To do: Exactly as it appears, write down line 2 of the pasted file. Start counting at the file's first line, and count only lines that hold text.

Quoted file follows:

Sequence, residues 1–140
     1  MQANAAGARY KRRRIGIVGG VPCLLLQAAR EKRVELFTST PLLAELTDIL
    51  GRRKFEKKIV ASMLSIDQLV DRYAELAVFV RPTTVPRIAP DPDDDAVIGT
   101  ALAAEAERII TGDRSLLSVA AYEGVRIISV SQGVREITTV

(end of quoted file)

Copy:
     1  MQANAAGARY KRRRIGIVGG VPCLLLQAAR EKRVELFTST PLLAELTDIL